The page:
The three light-green tree-like structures are Dale Chihuly glass sculptures. The colorful prairie dogs—made from recyclable plastic—are part of the 1,000 animal sculpture exhibit by Wild Rising by Cracking Art. They will be on display through May 10, 2020.

The doors opened to the public in 1939, but World War II halted activity in 1942. A visitor center opened in 1961 and over the years, a library and butterfly exhibit were added. Multimillion-dollar expansions led to research facilities and a desert landscape school.

A group of frogs watched us while we ate lunch under the entry arbor.

The garden is open daily; however, check the website for early or all-day closings. Tours are offered from September through May, the best time to visit. June, July, and August are too hot to walk on the concrete and gravel paths.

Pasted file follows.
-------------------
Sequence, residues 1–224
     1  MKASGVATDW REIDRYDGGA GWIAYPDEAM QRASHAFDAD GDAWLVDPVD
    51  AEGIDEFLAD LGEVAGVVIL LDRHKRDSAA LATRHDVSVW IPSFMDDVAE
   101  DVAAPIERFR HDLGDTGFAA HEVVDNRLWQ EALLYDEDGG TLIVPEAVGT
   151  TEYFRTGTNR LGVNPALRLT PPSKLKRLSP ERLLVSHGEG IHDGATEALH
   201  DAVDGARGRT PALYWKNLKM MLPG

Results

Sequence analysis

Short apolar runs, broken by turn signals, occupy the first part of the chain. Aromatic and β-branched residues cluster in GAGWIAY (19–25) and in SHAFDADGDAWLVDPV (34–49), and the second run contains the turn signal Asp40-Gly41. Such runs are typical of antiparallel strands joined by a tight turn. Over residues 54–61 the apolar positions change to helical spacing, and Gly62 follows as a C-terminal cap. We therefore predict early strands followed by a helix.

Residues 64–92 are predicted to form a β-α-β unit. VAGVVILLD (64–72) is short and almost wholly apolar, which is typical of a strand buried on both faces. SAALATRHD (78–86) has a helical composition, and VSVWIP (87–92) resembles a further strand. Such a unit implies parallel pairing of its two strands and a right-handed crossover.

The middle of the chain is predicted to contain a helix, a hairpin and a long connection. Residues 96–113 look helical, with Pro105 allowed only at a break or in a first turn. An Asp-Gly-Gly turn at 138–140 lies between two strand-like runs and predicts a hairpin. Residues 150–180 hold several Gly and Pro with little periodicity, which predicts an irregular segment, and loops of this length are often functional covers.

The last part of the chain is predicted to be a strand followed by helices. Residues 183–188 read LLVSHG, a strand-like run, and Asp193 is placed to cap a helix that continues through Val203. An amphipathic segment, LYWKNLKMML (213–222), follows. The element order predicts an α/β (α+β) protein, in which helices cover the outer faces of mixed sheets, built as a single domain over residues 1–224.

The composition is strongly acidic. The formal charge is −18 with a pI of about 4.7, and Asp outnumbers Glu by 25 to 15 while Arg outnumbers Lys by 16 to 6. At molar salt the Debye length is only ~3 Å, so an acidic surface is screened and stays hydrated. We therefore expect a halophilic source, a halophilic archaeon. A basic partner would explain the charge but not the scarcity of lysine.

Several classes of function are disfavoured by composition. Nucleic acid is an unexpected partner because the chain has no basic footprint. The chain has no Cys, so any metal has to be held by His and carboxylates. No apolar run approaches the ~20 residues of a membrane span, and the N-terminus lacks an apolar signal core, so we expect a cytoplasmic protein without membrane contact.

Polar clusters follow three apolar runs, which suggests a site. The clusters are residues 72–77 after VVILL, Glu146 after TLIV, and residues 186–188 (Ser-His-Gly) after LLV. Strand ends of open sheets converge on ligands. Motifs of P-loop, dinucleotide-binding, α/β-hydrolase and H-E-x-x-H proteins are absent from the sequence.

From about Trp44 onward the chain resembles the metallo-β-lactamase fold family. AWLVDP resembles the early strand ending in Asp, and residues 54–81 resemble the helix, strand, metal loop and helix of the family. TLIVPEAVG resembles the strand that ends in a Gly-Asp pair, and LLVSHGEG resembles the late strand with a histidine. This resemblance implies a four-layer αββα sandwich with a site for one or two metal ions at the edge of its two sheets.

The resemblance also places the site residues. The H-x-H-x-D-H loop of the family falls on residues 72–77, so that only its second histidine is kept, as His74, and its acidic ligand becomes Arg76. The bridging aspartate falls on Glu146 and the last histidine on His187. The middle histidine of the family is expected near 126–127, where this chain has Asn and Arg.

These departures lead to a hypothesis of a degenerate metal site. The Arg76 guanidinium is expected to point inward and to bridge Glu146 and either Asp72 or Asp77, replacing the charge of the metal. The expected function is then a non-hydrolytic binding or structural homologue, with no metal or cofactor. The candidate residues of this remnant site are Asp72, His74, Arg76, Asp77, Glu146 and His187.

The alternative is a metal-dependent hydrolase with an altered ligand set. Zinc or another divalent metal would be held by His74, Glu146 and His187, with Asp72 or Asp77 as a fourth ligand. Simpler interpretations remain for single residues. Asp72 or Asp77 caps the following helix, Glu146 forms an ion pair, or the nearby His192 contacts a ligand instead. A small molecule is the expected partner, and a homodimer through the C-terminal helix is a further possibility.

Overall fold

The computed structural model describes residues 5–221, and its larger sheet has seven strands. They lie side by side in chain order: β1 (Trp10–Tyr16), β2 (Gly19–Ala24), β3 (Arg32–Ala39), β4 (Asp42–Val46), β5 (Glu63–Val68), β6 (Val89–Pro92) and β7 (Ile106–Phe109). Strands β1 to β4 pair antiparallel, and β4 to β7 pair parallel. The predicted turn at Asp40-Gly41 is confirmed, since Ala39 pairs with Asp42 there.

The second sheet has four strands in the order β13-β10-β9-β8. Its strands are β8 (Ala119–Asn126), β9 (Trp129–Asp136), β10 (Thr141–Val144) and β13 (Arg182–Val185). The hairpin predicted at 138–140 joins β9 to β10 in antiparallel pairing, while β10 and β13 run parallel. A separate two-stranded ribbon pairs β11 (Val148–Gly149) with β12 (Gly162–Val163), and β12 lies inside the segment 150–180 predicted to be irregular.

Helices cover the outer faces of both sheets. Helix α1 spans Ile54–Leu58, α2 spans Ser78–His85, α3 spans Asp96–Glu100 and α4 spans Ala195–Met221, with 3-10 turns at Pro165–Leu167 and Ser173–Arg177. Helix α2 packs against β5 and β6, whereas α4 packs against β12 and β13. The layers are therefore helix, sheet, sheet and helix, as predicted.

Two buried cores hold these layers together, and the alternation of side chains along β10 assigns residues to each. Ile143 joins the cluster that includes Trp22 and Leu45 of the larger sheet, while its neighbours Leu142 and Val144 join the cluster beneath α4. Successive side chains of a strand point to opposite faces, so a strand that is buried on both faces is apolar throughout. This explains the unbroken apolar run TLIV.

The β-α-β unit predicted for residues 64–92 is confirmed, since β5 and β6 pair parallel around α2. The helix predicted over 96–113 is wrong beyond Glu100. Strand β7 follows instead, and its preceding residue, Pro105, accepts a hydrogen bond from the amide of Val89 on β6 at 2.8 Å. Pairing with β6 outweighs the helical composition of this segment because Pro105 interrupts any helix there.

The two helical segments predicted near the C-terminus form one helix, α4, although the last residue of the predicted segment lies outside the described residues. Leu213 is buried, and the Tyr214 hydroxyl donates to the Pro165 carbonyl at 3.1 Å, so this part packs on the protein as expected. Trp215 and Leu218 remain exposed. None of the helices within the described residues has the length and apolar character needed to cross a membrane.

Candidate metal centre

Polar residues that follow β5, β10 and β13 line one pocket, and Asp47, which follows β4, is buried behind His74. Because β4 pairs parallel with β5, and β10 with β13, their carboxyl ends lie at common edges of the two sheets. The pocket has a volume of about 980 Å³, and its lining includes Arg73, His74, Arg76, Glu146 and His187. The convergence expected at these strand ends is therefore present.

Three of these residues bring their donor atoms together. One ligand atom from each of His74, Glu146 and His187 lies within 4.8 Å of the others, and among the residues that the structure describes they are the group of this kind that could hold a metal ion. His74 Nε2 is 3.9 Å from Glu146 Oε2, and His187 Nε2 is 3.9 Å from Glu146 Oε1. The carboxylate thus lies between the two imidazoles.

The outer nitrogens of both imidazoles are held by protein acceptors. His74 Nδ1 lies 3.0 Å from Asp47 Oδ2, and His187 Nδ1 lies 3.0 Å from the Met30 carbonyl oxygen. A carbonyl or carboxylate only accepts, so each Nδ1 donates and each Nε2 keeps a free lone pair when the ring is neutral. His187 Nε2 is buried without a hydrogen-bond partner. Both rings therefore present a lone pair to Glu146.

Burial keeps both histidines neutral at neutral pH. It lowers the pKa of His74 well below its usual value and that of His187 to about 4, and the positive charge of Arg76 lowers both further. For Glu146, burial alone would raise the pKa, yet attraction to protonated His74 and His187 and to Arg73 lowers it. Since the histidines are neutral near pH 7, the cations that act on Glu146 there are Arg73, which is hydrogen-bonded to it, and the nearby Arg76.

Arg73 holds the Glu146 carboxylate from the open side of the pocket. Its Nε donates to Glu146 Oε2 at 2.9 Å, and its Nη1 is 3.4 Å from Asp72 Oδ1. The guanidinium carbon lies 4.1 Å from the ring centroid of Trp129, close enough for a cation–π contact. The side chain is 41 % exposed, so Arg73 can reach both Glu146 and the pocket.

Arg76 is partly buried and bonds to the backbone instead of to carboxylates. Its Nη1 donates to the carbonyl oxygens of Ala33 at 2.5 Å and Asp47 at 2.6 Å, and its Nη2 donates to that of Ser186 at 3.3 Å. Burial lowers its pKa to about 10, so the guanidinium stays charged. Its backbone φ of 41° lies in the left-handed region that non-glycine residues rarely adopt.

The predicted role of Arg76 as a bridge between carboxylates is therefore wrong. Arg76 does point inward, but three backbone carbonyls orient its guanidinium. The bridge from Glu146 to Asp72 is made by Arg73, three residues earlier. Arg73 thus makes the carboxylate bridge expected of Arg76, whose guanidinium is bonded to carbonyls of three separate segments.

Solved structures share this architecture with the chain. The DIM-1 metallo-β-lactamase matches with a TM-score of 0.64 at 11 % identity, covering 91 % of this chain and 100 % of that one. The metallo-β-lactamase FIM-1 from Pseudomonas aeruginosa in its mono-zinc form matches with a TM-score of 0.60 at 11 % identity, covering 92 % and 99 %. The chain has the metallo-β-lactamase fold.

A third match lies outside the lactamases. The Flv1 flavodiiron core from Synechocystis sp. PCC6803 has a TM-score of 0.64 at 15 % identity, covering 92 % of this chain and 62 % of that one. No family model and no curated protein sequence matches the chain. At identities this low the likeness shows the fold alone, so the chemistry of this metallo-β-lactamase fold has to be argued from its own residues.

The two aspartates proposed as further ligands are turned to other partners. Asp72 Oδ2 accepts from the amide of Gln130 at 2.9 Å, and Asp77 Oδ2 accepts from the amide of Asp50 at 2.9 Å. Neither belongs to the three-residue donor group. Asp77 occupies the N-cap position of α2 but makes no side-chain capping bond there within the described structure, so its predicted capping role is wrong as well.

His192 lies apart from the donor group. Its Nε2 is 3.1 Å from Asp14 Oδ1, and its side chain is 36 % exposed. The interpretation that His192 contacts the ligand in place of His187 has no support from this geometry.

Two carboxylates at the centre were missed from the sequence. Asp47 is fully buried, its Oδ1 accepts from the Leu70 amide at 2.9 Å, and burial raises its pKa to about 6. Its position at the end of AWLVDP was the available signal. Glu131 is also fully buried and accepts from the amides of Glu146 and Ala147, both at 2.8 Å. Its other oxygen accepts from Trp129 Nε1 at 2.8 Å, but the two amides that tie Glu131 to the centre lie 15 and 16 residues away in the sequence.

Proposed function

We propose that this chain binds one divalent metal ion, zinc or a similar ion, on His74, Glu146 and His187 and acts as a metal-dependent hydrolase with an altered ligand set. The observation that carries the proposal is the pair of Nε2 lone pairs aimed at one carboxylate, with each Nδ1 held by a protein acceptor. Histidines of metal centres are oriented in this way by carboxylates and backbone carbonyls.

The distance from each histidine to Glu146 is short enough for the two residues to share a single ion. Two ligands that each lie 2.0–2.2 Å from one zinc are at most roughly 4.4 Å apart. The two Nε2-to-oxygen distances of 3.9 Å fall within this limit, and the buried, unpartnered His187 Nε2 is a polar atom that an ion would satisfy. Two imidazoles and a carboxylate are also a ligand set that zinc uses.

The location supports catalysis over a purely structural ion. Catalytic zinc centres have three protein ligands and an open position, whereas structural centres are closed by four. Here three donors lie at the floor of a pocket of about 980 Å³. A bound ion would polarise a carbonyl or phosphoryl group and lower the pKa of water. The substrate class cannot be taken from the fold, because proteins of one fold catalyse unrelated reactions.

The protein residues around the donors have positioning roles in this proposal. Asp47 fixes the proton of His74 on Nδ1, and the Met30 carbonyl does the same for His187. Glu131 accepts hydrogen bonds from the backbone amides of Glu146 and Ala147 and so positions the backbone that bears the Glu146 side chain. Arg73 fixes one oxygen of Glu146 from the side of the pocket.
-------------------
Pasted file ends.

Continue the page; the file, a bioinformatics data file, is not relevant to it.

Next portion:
The water feature and shade gave us a respite from the heat.
If we weren’t away from home so much, I’d love for my backyard to look like the Steele Herb Garden.
A sundial in the backyard would be cool too.

We enjoyed watching the butterflies in The Butterfly Pavilion. Some of them flitted around so fast we could barely see them, while others landed on flowers and spread their wings as if posing for a photo.

Soon to be butterflies.
Five little butterflies posing for a photo.
Desert scene with prickly pear, barrel cactus, agave, saguaro, and senita. Wait a minute. Where did those little green penguins come from?
Play nice.
Crested saguaro
Replica of an Apache household of old
Blooming barrel cactus
Desert oasis
I liked the fall colors on this plant. Anyone know what it’s called?
Outdoor desert landscaping lab
Reclaimed cement blocks turned to art in this wall feature.
The shade over the greenhouse roof combats the summer sun and protects the specimens.
Inside one of the many greenhouses with an array of specimens.
Cactus, cactus everywhere